9 February 2005                                                                       St. Athanasius Lutheran Church

Ash Wednesday                                                                                                         Vienna, VA

 

Jesu Juva

 

“The Bad Change; the Good Change”

 

Grace, mercy, and peace to you from God our Father, and from our Lord and Saviour Jesus Christ.  Amen.

 

Change.  We live in a world that’s constantly changing.  Sometimes that change is good; sometimes that change is bad.  Sometimes we want change and desire change; sometimes we just wish things would stay the same.  Some changes we can control; some we cannot.

 

Tonight, earlier, we heard and acknowledged a change that is both bad and beyond our control: and that is death.  Death, which is the wage, the payment, for our sin. (Rom 6:23)  “Dust you are, and to dust you will return” is how that was phrased tonight.  Adam, once perfectly formed by God out of the dust of the earth, will now return in death to the dust from which he was formed.  And so will we.  The sin we love – no matter how big, no matter how small – all comes at a high price.

 

But I didn’t need to tell you that.  You know it.  You’ve had friends and family that have been taken from you in death.  We sometimes try to phrase that nicely, that they departed.  No they didn’t; they were taken.  Sin did it.  And we should hate it.  . . .  And most of you know the high price of sin in your own bodies, which are even now returning to dust; wearing out.  Hair turning gray, eyes and ears not working as they should, aches and pains, diseases that attack.  We’re not as strong or fast as we used to be.  . . .  Oh, we try to deny all of that.  Or at least cover it up.  Medicines help us feel better, glasses make us see better, and working out can turn back the clock a bit.  Make-up can cover and surgery can tuck a few wrinkles.  But in the end it’s all the same for you and I and Adam.  “Dust you are, and to dust you will return.”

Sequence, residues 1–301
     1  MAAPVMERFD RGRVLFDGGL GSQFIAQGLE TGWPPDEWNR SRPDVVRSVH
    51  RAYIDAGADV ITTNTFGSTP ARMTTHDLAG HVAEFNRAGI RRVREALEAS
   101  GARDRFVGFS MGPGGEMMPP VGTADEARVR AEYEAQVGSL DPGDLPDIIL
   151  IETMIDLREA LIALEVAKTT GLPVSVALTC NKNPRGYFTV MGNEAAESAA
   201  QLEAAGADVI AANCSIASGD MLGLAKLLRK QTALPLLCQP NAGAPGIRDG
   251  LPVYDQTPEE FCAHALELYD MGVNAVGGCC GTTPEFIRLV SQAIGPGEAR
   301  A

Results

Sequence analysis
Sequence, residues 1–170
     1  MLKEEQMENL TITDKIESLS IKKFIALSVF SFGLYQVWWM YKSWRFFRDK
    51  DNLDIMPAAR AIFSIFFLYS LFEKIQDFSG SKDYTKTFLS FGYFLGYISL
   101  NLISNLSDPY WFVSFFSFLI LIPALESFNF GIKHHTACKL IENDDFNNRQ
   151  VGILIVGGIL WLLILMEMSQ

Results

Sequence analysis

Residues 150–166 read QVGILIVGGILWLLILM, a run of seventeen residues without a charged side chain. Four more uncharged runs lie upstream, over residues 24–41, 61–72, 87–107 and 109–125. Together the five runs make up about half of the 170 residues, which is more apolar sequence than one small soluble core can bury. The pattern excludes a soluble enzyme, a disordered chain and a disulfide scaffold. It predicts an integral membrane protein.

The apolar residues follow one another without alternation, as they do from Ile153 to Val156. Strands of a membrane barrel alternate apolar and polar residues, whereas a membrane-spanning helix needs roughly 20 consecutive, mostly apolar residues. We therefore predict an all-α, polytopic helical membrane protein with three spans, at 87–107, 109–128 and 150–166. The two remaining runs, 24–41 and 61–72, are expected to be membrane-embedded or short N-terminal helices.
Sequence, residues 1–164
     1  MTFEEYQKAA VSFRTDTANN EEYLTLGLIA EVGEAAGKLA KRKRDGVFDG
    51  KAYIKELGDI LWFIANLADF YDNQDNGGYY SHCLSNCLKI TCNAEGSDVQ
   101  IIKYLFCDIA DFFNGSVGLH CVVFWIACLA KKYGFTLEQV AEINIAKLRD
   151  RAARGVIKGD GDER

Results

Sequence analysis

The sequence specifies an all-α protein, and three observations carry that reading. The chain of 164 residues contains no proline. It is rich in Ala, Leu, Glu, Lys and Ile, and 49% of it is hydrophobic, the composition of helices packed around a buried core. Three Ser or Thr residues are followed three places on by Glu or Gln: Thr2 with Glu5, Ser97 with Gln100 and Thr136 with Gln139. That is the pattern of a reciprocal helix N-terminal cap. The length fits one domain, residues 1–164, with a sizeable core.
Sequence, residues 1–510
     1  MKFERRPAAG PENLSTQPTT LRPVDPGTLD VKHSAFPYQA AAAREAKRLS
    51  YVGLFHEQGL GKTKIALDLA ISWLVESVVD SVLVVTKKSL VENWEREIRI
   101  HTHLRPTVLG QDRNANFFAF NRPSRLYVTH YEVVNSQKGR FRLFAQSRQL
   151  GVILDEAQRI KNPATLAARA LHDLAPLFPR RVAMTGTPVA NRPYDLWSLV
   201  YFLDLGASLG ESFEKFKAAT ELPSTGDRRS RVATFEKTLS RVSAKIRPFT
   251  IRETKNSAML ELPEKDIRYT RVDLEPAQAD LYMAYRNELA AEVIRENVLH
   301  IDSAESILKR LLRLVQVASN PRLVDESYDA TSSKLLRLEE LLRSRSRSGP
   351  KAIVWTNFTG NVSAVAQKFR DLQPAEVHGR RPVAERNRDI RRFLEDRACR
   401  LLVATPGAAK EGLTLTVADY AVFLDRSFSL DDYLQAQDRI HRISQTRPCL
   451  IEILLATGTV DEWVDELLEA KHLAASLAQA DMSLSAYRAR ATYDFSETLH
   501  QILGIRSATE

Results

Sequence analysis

Tonight we recognize and acknowledge that.  No denying, no covering up.  Ashes.  Black.  Return to the Lord your God.  Rending our hearts in repentance.  Sin is not just what we do, it is who we are.  And that’s important to confess, because on a night like tonight, the danger is that we think of our sins as separate pieces, separate things, items on a list of things we did wrong, and that if we try hard enough, we can make that list shorter.  We can do better.  We can improve.  And Ash Wednesday becomes about self-improvement.  . . .  And you know, that’s exactly what Satan wants you to think, so that you try to deal with your sins yourself.  Or at least part of them.  Maybe I’ll depend on Christ to deal with the big ones, the whoppers, but I’ll take care of the little ones myself.  And of course, we’ll want to make sure others know I’m dealing with them, and doing my part.  They’ll see my fasting and praying and giving.  They’ll see that I mean it.  They’ll see some difference in me!

 

But if that is your thinking, what did God say through Matthew?  “You have received your reward.”  If it is the praise of men we want, it is the praise of men we will receive.